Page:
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U.S. Withholds Support for North Korea Human Rights Debate at UN

Maxwell

Dec. 07, 2019

The U.S. is withholding its support from hosting a human rights debate on North Korea next week during its turn leading the United Nations Security Council, according to several diplomats familiar with the discussions.
U.S. allies, including Germany and the U.K., have sought to hold such a meeting on Dec. 10, but they would need U.S. backing to do so. The U.S. told the allies on Friday it wouldn’t be supporting the effort, meaning the meeting won’t have enough votes to go ahead, according to the diplomats, who asked not to be identified discussing private talks.
The decision, which could still be reversed, comes as U.S.-North Korea ties enter a tenuous phase: Kim Jong Un has warned the U.S. it has until year-end to salvage a breakthrough in stalled talks over North Korean denuclearization. The U.S. has said it’s ready to engage in talks, but Pyongyang isn’t responding.
A U.S. decision to host a human rights debate at the UN could antagonize the North Koreans, prompting them to test weapons or missiles in a show of force that would undermine what the Trump administration considers one of its key foreign policy achievements: a lowering of tensions on the Korean peninsula.
At a news conference earlier on Friday, U.S. Ambassador to the UN Kelly Craft criticized North Korea’s human rights record but stopped short of confirming whether the Security Council will convene a meeting on that topic next week.
Officials with the U.S. mission at the UN didn’t immediately reply to a request for comment about the withholding of American support. Craft has authority to shape the Security Council’s agenda because the U.S. has the panel’s rotating presidency in December.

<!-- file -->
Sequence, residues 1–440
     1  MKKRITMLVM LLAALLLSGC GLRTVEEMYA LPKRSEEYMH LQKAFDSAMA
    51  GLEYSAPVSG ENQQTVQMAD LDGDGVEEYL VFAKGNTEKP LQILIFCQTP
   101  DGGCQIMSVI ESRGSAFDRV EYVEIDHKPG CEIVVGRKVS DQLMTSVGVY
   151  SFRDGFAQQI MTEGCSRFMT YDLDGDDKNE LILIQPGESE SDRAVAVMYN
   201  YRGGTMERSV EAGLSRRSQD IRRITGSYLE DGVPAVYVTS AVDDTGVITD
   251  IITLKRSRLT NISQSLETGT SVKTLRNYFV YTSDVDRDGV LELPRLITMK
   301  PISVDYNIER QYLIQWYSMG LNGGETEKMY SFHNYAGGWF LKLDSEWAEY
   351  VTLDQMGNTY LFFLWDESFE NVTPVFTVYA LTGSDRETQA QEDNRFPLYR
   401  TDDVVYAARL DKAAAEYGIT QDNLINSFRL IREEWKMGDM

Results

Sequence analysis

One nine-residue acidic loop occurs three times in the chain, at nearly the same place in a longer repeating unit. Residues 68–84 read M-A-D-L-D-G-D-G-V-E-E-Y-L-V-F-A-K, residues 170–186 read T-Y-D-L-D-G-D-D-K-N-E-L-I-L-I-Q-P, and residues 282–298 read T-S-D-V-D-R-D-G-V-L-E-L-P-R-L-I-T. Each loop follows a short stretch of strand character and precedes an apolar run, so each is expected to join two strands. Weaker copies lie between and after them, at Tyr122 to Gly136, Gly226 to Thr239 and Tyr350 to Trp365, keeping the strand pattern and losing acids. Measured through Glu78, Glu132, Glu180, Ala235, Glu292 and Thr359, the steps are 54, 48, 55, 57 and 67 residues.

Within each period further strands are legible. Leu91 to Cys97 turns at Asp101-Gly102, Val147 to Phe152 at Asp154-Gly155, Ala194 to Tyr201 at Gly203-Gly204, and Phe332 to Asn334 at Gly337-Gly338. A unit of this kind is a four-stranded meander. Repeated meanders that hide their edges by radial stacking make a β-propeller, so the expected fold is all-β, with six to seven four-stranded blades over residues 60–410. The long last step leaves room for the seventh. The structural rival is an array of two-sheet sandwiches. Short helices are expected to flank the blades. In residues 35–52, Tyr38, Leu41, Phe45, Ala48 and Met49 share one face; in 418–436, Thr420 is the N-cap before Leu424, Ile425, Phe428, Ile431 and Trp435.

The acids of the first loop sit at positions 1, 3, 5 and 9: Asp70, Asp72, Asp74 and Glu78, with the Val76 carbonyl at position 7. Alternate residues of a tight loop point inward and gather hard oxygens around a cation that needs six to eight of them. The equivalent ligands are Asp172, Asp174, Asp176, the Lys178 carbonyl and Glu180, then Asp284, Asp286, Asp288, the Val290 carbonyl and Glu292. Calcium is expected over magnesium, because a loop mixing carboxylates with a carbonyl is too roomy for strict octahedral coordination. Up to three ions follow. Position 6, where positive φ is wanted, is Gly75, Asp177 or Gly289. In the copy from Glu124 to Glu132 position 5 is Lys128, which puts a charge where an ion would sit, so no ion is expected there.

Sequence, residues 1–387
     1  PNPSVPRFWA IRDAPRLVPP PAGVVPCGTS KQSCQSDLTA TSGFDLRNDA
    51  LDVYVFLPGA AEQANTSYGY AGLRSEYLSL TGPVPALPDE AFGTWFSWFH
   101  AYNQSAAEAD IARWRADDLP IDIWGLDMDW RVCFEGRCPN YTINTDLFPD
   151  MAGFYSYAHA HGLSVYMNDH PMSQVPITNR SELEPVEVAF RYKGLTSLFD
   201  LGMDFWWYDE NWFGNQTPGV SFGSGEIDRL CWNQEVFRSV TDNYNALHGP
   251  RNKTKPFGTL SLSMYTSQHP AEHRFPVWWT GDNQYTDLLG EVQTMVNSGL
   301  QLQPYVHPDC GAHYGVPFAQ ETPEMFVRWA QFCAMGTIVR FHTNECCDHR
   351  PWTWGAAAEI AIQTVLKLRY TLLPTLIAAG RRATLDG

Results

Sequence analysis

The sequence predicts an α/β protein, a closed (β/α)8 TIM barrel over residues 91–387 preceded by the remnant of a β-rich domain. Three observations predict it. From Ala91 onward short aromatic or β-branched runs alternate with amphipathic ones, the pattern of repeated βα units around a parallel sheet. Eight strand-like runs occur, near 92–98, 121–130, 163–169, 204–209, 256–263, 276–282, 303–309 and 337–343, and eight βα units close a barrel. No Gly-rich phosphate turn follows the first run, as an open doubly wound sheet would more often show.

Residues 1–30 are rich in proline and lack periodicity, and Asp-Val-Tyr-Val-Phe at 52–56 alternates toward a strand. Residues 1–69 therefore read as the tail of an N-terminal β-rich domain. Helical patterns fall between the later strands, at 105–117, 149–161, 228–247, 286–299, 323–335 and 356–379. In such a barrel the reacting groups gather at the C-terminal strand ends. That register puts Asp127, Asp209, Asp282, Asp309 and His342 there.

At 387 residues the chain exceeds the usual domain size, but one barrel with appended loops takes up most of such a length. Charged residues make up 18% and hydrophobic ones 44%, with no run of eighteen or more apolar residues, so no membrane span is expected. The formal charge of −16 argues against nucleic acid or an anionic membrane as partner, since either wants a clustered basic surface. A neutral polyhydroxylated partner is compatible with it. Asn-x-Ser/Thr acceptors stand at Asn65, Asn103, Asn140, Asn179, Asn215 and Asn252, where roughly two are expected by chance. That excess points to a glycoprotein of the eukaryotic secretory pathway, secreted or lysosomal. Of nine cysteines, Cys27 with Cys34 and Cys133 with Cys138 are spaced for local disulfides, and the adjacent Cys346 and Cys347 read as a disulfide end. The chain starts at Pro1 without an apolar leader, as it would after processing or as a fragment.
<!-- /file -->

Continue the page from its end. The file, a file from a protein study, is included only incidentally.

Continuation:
North Korea’s ambassador to the UN, Kim Song, warned the council this week not to hold a human rights meeting, saying it would lead to “undermining rather than helping” to reduce tensions on the Korean peninsula. The meeting would be considered a “serious provocation” and Pyongyang will “respond strongly,” he added.
“I have read the letter,” Craft said Friday, when asked about the North Korean ambassador’s warning. “We care about human rights. I care about human rights. It is an issue that that our president cares about.”
North Korea’s human rights violations have been widely documented, but the decision to give the issue a prominent spotlight at the UN’s most important body is usually contested. China has argued that the Security Council isn’t the venue in which to discuss human rights, saying they don’t pose a threat to international peace and security.
While such a debate has taken place most years since 2014, it wasn’t held last year as President Donald Trump sought a second summit with Kim.
With Kim’s “deadline” approaching, North Korea may be preparing to conduct engine tests at a long-range rocket launch site. A satellite image from Thursday shows activity at its Sohae Launch Facility, which Kim once said he had dismantled in a concession to Trump.
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